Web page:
There’s nothing quite like the pungent impact of horseradish to remind you that you have sinuses, and that they can hurt.
My first encounter with this potent root was at the elbow of my Great Grandfather. The son of German immigrants, one of his favorite lunches was sliced liverwurst on white bread with horseradish cream and white onions. You may have encountered it in a Passover Seder or dyed green with your favorite sushi. However you first met Armoracia rusticana, a cousin of mustard, broccoli, radishes, and cabbage, you likely don’t know much about its storied history as a medicinal plant.
As far back as Greek mythology, where the Delphic Oracle and Apollo reportedly had a conversation about it’s worth being equal to gold, the humble horseradish root has been a staple in the medicine chests, kitchens, and gardens of healers from Russia to the Americas. Packed with Vitamin C and sure to clear the sinuses with a sniff or two (thanks to the chemical reaction that happens when it’s cell wall are broken, basically creating mustard gas!) historical figures from Pliny to George Washington made sure that it was near to hand. Horseradish also managed to work its way into the culinary traditions of most of Europe either as a sauce or condiment for dishes from fish to holiday soups, and all that while this woody root was doing amazing things for the people eating it.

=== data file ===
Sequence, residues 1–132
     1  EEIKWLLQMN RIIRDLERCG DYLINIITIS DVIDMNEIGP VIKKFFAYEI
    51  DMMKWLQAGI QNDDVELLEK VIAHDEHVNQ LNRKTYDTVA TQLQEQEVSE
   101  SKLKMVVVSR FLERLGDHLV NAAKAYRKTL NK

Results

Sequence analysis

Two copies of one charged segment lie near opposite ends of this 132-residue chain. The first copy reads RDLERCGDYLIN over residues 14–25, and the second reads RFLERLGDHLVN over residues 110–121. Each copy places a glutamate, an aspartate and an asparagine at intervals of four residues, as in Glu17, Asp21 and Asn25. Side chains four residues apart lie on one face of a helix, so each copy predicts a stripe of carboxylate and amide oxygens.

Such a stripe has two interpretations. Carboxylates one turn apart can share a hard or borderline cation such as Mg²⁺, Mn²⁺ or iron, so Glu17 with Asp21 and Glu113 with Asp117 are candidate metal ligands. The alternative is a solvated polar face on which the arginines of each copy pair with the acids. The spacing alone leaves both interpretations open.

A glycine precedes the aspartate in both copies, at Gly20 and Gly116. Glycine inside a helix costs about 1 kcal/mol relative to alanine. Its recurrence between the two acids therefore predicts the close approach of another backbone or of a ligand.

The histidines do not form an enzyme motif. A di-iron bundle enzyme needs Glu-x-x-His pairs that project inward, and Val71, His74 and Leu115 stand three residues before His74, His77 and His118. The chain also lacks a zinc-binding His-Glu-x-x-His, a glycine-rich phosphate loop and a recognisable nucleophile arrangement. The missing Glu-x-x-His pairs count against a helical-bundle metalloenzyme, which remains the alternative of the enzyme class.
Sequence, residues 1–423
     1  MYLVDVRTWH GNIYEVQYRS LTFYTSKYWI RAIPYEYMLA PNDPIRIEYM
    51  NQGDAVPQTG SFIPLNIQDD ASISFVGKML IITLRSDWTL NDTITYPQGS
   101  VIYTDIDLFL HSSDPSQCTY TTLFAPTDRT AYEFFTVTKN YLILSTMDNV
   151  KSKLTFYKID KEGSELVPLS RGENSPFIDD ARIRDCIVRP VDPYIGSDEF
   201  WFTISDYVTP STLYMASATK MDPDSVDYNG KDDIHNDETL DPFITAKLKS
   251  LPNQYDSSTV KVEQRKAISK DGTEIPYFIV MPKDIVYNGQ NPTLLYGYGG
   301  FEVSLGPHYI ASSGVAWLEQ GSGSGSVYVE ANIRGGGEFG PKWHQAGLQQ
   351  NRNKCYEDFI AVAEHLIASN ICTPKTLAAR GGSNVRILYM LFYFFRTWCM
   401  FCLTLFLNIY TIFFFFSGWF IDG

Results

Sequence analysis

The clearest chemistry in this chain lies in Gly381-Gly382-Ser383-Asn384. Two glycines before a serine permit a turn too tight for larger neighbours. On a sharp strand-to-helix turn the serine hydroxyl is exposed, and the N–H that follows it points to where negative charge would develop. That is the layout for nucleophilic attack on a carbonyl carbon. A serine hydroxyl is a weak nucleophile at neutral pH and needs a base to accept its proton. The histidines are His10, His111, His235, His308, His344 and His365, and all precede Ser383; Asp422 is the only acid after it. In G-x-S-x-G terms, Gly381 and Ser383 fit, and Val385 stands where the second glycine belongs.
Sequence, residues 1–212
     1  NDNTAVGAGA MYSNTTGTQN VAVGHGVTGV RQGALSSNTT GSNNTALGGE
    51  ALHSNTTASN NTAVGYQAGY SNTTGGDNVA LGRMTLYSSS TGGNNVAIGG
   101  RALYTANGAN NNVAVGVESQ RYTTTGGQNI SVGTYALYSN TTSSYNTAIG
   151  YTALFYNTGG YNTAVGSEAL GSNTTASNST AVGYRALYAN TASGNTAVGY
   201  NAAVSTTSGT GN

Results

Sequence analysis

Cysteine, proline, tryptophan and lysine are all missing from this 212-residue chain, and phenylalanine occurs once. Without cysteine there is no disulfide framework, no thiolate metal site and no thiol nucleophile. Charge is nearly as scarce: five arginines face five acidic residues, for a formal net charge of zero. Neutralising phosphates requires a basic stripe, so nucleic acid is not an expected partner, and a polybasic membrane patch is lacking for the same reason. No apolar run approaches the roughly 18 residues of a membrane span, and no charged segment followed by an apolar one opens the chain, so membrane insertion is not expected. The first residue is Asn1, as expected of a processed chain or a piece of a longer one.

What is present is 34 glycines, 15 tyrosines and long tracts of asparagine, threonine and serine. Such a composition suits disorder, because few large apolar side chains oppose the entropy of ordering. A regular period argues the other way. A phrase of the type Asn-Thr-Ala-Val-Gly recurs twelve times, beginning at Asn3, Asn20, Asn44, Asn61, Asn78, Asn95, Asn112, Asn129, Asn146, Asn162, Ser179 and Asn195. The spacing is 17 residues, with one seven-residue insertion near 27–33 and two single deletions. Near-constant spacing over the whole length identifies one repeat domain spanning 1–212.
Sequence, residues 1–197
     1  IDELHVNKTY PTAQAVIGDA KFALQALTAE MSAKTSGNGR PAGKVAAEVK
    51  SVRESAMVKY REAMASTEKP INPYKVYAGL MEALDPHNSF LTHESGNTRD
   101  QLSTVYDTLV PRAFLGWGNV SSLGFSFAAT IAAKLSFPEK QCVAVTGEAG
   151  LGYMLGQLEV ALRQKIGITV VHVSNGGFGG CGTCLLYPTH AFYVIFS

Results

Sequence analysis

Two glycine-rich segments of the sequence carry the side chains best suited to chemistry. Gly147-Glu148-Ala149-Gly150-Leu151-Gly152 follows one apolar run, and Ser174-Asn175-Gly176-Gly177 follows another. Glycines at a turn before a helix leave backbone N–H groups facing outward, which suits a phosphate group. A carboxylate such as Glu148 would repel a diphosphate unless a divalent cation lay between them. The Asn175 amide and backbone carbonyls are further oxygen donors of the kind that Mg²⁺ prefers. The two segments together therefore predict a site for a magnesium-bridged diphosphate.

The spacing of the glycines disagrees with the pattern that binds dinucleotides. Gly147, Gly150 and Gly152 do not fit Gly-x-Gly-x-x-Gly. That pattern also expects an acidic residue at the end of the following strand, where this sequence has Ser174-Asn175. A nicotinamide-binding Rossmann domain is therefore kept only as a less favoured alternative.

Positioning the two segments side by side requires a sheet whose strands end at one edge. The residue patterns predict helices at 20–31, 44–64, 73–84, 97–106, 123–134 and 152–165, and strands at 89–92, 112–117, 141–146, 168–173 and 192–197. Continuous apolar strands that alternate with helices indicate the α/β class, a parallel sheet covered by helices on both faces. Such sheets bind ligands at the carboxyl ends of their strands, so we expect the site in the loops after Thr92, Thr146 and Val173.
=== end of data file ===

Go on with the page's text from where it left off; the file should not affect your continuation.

Horseradish was one of the seed ingredients in the earliest versions of our Fire Cider, dating all the way back to the honey/garlic/horseradish kitchen concoctions that Dana's Grandma Mutti used to keep on her window sill. So take your daily shot of Fire Cider, enjoy the spicy kick, the accompanying sinus tingle brought to you by the raw horseradish that goes into every batch, and know that you've just done something incredibly good for yourself!